Ever gone onto Twitter, Facebook, or Instagram and saw what everybody else was doing? Did you feel like their life was better in any way? Maybe you saw your old friend getting married and it made you more self-conscious that you are still single. Maybe you saw your buddy getting promoted at his job and it made you feel like your career wasn’t going anywhere. This is the reptilian brain at work. We are constantly comparing ourselves to other people.

Loss vs savings

Think of a time when you purchased a large ticket item in the past. Maybe it was a home or a car. Were you able to negotiate any savings in the deal? If so, how much? Do you recall what the negotiating process was like? Who you spoke with? The names of the people involved? Chances are if you have purchased a large ticket item in the past it may be difficult for you to recall the savings you were rewarded with on the item. Now, how about a time you were burglarized or broke up with someone? Can you remember the day it happened? Do you remember how it happened? The name of the people involved? I’d be willing to bet that you can recall every detail of the experience and how you felt when it happened. I know this because I just came back from a training course showing this in a live demonstration. The instructor asked 3 people who have purchased homes in the last 10 years to get on stage and tell us about the experience. All 3 people remember they had saved significantly on the price of the home but no one was able to recall how much they saved, the negotiating process, or the names of the individuals involved. Then, he asked if anybody had been burglarized in the last 10 years. He picked 3 hands that went up. When asked about their experience they remembered the exact day and time it happened. They remembered every single detail of the experience. One guy’s story went like this. “I’ll never forget it, I came home early at 3:00pm and opened the garage door. All my tools and wakeboards were gone. I began to sense something was wrong. When I opened the door to my home a gust of wind hit me so I knew another door was open in the house. That’s when I saw all the dishes smashed on the ground. Everything was gone. We had been completely cleaned out. I knew the guy who did it because we found photos of him wearing my son’s clothes on Facebook but there was not enough evidence to charge him. We knew who did it and there was nothing we could do. It was a deep feeling of helplessness and loss.” As I sat and listened to this man’s story I could feel the hurt in his voice. He was reliving this horrifying experience going through all the emotions he felt at the time of the event.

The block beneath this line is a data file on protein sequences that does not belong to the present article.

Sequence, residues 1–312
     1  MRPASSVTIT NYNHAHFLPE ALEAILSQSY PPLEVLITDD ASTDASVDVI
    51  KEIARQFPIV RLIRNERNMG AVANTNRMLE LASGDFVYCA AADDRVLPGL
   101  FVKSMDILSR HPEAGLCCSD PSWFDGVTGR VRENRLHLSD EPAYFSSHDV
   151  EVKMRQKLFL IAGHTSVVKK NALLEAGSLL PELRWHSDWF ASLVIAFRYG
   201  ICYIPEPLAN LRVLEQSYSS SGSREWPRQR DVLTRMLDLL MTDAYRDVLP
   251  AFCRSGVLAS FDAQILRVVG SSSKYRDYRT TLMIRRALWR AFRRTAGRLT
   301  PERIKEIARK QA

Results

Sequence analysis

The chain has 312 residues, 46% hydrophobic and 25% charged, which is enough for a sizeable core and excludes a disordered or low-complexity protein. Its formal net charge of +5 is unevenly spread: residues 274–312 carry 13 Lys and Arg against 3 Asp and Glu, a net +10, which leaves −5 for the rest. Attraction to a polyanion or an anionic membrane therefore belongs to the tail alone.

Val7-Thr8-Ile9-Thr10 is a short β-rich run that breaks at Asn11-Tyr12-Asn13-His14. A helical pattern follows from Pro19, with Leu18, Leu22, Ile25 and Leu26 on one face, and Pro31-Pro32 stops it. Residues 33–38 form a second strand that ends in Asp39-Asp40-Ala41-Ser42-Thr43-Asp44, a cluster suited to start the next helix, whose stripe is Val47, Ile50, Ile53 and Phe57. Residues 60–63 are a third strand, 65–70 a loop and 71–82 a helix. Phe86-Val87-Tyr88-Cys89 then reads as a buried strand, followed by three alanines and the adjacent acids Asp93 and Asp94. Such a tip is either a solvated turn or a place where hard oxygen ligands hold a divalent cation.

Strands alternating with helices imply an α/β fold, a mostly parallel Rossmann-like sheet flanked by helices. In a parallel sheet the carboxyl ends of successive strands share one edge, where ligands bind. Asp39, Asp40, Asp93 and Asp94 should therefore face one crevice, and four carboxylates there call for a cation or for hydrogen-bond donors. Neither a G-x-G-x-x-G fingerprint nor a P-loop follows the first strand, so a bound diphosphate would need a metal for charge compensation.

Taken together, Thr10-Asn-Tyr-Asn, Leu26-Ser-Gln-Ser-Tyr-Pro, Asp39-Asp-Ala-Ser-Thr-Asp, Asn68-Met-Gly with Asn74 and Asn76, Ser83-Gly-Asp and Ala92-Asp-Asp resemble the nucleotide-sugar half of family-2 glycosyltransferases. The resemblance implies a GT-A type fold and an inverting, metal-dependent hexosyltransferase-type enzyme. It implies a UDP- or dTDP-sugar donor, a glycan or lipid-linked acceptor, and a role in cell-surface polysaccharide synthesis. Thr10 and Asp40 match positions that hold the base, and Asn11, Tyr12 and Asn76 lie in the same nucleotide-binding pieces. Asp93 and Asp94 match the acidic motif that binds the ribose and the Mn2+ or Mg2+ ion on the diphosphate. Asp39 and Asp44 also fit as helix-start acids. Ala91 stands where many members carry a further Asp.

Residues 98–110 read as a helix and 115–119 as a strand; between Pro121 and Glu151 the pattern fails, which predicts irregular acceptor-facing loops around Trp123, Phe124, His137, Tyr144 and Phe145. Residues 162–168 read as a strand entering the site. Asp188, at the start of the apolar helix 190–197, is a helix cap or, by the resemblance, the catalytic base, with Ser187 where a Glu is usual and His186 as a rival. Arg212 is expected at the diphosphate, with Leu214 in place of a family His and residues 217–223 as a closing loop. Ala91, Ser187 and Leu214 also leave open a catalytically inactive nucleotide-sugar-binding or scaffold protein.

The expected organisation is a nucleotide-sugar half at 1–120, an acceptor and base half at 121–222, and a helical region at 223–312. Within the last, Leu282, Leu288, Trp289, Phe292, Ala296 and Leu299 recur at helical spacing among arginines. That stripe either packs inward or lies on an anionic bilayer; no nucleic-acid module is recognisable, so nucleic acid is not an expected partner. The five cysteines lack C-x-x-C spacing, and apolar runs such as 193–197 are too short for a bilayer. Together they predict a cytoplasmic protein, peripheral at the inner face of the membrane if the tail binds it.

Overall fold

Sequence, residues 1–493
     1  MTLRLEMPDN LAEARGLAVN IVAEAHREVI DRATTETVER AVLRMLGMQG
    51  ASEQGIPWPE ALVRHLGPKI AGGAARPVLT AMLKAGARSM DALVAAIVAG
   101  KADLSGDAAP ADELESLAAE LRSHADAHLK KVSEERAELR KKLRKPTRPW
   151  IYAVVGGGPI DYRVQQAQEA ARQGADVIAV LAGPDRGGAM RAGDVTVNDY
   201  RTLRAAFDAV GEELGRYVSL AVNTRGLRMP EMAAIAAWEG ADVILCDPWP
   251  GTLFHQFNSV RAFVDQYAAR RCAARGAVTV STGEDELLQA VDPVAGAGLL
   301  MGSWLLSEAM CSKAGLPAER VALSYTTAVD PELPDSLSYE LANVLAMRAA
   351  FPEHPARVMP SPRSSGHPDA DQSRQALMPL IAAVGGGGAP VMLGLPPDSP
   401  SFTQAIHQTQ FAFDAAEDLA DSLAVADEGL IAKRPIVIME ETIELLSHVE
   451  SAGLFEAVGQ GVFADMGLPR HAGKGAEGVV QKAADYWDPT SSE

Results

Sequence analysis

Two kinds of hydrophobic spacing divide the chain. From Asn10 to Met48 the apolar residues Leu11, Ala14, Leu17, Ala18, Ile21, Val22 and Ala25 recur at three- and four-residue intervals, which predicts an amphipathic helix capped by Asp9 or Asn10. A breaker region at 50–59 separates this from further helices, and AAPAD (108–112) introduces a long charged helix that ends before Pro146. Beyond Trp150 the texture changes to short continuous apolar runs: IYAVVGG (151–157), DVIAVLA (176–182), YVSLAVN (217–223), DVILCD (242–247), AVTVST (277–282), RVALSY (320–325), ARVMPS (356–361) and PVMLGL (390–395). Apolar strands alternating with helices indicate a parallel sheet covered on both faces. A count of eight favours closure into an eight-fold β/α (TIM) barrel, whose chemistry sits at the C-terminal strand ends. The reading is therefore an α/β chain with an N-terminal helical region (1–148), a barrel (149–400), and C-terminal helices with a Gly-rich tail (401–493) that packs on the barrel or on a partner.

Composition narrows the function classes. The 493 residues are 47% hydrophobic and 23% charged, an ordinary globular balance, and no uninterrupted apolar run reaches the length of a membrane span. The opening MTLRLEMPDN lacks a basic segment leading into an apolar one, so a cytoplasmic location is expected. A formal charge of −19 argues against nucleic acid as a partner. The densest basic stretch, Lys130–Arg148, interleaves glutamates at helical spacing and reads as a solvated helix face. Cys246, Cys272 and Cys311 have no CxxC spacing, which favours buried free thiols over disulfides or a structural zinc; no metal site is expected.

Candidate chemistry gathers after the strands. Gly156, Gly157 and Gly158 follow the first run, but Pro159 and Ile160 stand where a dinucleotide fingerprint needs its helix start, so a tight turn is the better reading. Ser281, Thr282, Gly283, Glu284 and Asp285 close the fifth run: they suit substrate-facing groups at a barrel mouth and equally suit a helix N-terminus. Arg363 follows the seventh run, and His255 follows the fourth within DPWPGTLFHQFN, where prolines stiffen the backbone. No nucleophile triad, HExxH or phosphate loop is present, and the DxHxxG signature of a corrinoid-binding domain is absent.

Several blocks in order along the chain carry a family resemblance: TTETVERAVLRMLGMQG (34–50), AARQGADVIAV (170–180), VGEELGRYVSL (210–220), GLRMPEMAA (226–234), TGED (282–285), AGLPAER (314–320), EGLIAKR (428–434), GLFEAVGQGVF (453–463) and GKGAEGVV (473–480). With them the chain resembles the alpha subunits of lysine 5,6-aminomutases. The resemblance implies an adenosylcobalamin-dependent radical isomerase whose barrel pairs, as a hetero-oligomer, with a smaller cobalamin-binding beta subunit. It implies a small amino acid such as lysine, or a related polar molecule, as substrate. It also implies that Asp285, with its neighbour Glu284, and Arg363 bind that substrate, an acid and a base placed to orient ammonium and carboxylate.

The point is, our brains are hard wired to experience more emotion with a “loss” rather than a “gain” (savings, reward etc.)

Physical and Emotional pain

We all know what physical pain feels like but what does emotional pain feel like? If you have kids, have you ever been sitting at dinner and heard a knock at the door? What conclusion does your brain jump to? You probably felt alarmed. Your epinephrine glands start pumping and your fight or flight instinct kicks in. You open the door only to find out it’s the Fedex guy delivering those water filters you ordered last week. This is our Reptilian brain hard at work.